John Skipper

The sudden resignation of John Skipper as President of ESPN took many by surprise. Throughout his tenure as top executive of ESPN, Skipper had the confidence of Disney CEO Bob Iger and had big victories like bringing Monday Night Football to cable, signing the NBA to multiple long-term deals, and bolstering the network’s soccer covering by adding the 2010 and 2014 FIFA World Cups.

But Skipper also had some tumultuous times during his tenure with ESPN, including mass layoffs, battles with Bill Simmons and Jemele Hill, riding the turbulent social media waters, canceling Barstool Van Talk after one episode, and occasional battles with the NFL.

However, Disney was high enough on Skipper that he recently signed a new contract that was going to keep him at the helm of the Worldwide Leader into the next decade. Let’s take a look at some of Skipper’s career highlights and lowlights at ESPN:


  • In June, Skipper joins ESPN as senior vice president and general manager of ESPN The Magazine.


  • ESPN The Magazine is honored with a National Award for design.


  • Skipper adds oversight of to his ESPN The Magazine duties.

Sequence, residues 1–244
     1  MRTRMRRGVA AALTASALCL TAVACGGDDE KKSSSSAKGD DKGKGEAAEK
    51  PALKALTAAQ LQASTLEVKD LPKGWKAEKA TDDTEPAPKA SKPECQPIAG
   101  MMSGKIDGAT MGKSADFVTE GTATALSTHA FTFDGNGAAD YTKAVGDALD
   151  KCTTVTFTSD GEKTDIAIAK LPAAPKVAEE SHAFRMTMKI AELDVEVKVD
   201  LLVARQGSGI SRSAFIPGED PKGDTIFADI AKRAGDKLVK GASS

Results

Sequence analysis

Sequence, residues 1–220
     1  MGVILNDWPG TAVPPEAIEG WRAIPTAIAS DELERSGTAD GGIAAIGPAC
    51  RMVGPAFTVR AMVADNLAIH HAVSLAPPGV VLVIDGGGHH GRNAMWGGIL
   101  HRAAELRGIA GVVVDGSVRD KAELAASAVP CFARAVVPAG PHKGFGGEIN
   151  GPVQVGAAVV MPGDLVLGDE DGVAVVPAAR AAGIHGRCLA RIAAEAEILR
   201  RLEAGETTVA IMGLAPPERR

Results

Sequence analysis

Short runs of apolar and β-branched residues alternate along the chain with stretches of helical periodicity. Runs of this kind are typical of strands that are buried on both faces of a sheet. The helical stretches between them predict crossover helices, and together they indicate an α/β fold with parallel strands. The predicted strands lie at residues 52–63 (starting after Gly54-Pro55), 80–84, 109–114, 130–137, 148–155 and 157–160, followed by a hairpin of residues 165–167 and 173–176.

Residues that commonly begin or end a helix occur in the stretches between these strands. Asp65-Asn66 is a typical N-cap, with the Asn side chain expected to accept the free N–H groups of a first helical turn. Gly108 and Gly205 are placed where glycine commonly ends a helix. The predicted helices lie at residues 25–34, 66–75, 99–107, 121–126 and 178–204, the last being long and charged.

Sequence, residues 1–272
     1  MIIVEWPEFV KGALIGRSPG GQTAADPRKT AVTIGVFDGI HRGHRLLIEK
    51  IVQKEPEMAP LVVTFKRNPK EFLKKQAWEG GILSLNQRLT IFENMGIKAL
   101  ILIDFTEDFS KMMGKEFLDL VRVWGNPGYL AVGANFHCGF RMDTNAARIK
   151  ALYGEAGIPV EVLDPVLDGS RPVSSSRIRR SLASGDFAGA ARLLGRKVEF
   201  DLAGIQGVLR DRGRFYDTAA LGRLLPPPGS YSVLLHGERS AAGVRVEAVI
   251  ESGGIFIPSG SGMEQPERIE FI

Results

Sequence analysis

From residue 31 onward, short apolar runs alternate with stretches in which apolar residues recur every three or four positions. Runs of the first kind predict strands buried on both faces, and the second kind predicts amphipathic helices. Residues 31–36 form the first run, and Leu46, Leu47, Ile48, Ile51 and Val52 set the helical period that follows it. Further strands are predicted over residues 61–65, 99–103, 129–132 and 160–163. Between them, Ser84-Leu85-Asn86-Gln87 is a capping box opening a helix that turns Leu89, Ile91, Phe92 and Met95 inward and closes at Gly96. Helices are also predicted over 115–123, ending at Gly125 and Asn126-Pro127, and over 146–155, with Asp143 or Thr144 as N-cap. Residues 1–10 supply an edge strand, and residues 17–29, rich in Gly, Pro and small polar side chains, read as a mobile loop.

• Skipper is promoted to executive vice president of ESPN.


  • Becomes executive vice president of content.
  • Leads the way for ESPN to gain the rights to Monday Night Football, bringing the franchise to cable after being on ABC since 1970. The deal costs an estimated $1 billion annually.
  • Negotiates a deal with FIFA to air the 2010 and 2014 World Cups, wrestling the rights away from NBCUniversal (which had a handshake agreement with FIFA).


  • Agrees to a 15-year, $2 billion deal with the SEC, which gave ESPN rights to the conference’s home football and basketball games that weren’t on CBS.


  • Helped negotiate a 12-year, $2.7 billion contract for the Pac-12 and ESPN.


  • Spearheads the creation of Grantland, a site led by Bill Simmons.
  • Replaces George Bodenheimer as President of ESPN and Co-Chairman of Disney Media Networks.


  • Helps to negotiate a new 20-year contract with the SEC that creates the ESPN-run SEC Network, which would launch in 2014.
  • Squashes ESPN’s involvement with the PBS Frontline documentary League of Denial, claiming that it didn’t meet the network’s standards. The move brings speculation that the NFL influenced ESPN to pull out.
  • Signs a deal with the NFL for Monday Night Football or an estimated $2 billion annually that also gave ESPN its first foray into the league’s postseason with one wild card playoff game a year.





About Ken Fang

Ken has been covering the sports media in earnest at his own site, Fang's Bites since May 2007 and at Awful Announcing since March 2013.

He provides a unique perspective having been an award-winning radio news reporter in Providence and having worked in local television.

Fang celebrates the four Boston Red Sox World Championships in the 21st Century, but continues to be a long-suffering Cleveland Browns fan.